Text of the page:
• You can’t blame your boss for not giving you the support you need. Plenty of people will say, ‘It’s my boss’s fault.’ No, it’s actually your fault because you haven’t educated him, you haven’t influenced him, you haven’t explained to him in a manner he understands why you need this support that you need. That’s extreme ownership. Own it all.
  • The world is this continually unfolding set of possibilities and opportunities, and the tricky thing about life is, on the one hand having the courage to enter into things that are unfamiliar, but also having the wisdom to stop exploring when you’ve found something worth sticking around for. That is true of a place, of a person, of a vocation. Balancing those two things—the courage of exploring and the commitment to staying—and getting the ratio right is very hard.
  • Any great idea that’s significant, that’s worth doing, for him, will last about 5 years, from the time he thinks of it, to the time he stops thinking about it. And if you think of it in terms of 5-year projects, you can count those off on a couple hands, even if you’re young.
  • The way you do anything is the way you do everything.
  • To blame someone for not understanding you fully is deeply unfair because, first of all, we don’t understand ourselves, and even if we do understand ourselves, we have such a hard time communicating ourselves to other people. Therefore, to be furious and enraged and bitter that people don’t get all of who we are is a really a cruel piece of immaturity.
  • It’s better to be in an expanding world and not quite in exactly the right field, than to be in a contracting world where peoples’ worst behavior comes out.
  • In any situation in life, you only have three options. You always have three options. You can change it, you can accept it, or you can leave it. What is not a good option is to sit around wishing you would change it but not changing it, wishing you would leave it but not leaving it, and not accepting it. It’s that struggle, that aversion, that is responsible for most of our misery.
  • Perhaps I didn’t need to keep grinding and building? Perhaps I needed more time and mobility, not more income? This made me think that maybe, just maybe, I could afford to be happy and not just “successful.”

Pitching a Small Tool

Last week I told our technical writer, a music expert, a video games enthusiast, a good father to his young daughter, and a loving husband to his wife, that I could build him a small tool that could quickly update a master file of local translations, so he could focus his precious time on more important matters other than the job of laboriously cross-referencing and manually updating such a document. That was a passing comment while some of us were suddenly randomly discussing the process of how he was currently maintaining the file. However, the passing comment also felt like a pitch to a software development project that had some sort of value to a very specific customer, and an easy one at that. It was a fascinating experience; it makes you think about how caring for the well-being of someone is very much a part of building software of value, and that good software connects people for the better.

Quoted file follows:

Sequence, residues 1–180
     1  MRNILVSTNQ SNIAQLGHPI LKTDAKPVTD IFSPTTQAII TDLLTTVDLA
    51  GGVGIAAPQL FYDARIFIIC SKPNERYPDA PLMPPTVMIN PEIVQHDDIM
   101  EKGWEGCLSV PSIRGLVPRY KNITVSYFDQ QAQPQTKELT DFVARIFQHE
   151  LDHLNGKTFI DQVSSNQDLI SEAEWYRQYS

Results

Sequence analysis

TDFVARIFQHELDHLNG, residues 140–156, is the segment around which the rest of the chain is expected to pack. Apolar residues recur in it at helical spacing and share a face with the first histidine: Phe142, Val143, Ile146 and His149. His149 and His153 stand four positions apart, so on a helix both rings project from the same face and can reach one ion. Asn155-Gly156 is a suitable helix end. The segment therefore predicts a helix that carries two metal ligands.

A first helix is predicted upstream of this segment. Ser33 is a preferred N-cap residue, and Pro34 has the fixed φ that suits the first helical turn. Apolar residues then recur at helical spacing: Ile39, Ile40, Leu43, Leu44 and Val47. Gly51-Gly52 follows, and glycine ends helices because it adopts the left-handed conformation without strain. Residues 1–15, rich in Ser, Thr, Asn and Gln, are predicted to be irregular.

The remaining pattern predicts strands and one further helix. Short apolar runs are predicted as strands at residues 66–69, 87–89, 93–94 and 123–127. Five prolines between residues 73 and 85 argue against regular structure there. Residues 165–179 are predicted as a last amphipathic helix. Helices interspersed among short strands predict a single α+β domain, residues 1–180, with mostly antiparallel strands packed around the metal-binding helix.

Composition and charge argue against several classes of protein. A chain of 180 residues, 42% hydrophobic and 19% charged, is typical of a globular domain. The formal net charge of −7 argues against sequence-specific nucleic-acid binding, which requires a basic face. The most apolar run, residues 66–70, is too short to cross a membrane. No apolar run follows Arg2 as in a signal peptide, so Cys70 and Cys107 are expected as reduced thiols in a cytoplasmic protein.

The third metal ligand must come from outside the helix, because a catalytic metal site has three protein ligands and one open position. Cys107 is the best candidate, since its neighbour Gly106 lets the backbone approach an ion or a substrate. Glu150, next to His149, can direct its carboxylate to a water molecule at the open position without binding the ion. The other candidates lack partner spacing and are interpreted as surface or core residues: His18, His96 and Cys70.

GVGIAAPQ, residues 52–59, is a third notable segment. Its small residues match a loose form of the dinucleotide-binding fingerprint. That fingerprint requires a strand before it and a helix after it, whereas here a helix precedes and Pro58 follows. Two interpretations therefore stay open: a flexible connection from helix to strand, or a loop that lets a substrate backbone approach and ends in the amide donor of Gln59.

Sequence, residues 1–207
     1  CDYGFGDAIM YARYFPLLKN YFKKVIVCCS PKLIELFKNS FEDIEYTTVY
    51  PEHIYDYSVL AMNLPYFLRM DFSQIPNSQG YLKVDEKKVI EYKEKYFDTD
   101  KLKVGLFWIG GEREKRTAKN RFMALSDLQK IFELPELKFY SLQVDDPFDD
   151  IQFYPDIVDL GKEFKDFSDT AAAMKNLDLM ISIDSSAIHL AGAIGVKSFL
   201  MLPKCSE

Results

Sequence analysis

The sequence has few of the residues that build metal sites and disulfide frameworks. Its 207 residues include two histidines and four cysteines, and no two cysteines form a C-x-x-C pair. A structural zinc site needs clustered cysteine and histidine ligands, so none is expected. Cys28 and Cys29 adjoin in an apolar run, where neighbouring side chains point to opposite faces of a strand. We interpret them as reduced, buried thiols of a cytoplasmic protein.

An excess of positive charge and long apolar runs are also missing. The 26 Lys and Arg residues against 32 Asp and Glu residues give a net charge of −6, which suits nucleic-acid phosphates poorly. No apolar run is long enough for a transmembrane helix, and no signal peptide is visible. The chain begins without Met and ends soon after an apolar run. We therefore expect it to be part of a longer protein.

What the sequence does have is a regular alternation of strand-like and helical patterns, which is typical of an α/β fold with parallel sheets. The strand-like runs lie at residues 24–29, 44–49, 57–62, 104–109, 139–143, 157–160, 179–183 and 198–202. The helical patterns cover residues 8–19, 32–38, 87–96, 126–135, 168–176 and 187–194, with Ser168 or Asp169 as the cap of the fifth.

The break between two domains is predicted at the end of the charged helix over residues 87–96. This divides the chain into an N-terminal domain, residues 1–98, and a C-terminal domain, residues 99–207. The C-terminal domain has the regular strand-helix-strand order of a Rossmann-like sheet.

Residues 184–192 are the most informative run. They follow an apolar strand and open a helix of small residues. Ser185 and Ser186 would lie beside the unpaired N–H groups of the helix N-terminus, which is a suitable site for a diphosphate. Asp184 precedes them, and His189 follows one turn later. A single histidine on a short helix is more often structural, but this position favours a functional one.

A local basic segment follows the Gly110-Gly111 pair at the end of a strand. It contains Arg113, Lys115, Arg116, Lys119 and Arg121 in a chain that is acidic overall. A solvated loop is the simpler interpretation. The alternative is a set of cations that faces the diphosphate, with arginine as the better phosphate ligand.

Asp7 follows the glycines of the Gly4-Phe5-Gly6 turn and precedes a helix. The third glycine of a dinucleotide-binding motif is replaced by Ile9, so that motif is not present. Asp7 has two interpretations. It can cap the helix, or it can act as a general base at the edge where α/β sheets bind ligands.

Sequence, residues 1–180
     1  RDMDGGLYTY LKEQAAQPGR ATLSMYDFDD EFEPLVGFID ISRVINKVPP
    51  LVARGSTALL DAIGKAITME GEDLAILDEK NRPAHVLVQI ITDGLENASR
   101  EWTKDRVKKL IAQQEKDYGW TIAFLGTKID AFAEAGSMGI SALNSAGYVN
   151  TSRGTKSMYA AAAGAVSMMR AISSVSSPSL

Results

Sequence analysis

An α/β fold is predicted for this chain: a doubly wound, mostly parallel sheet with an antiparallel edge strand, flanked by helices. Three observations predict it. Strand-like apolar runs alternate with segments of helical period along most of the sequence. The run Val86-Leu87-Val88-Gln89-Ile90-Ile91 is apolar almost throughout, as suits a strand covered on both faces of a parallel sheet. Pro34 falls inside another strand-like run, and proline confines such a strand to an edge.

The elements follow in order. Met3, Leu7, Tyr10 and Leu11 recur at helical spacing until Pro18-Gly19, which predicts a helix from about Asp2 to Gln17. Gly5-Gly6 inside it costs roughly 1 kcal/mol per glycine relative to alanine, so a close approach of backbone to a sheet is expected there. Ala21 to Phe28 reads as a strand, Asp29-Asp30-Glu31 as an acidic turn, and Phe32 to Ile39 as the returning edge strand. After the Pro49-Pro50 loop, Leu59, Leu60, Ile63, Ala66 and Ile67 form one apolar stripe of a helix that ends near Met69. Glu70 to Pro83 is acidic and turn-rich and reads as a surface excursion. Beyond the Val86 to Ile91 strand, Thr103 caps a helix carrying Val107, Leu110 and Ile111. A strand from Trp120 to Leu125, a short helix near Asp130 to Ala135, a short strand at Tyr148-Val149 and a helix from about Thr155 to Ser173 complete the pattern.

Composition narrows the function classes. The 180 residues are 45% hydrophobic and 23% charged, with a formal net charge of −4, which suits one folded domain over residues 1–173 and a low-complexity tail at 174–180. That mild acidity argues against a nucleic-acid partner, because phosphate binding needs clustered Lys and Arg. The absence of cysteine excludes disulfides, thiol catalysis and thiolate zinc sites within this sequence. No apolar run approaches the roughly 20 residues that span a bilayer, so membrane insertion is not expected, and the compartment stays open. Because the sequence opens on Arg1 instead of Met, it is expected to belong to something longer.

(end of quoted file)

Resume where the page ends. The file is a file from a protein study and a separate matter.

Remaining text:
Let’s see how that tool works out this week.

Where the Fun and Challenge Is

Ultimately what makes software testing fun and challenging is because it needs you to interact with people. You have to talk to both the software development team and the application users. You have to understand what they care for and why. You have to ask questions and the answers to those questions guide what you do when you test. You can test in a silo but that doesn’t help you learn anything deeper, you can’t thrive if you stick to the things you already know. You grow because you take in all these perspectives and beliefs that other people have and test them against your own, for the goal of making better judgments about how to test the thing your testing and why you’re testing them in the first place. It’s not easy, because you have to care. The challenge is that you have to learn a great deal of many things, you have to regularly check the landscape of where you are, and you often need to reflect about what you’ve done and what you want to do next. And on the journey of overcoming the challenges you set for yourself is where the fun is.

Being Reminded of All the Phases I’ve So Far Had in Writing Automated Checks

I’m currently in the midst of a test code overhaul, a re-writing project of sorts. It started about a week ago and so far I’ve made considerable progress on what I’ve wanted to achieve with the rewrite, which is basically cleaner and more maintainable code, mostly in the sense of test data management and test description language. The number of tests running everyday in our Jenkins system has grown noticeably and I’ve felt that it’s been difficult to add certain tests because of how I structured the test data in the past, which I have not upgraded since then. The two possible avenues for running tests – on the UI and HTTP layers – also adds a bit of complexity and it’d be nice if I can integrate the two smoothly. It’s an interesting development because I did not plan on any re-writing to be done anytime soon but I guess at the back of my mind I knew it’ll happen eventually. And so I decided to take a step back from writing more tests and do some cleanup before it gets tougher to change things. I plan to finish everything in about a month or so.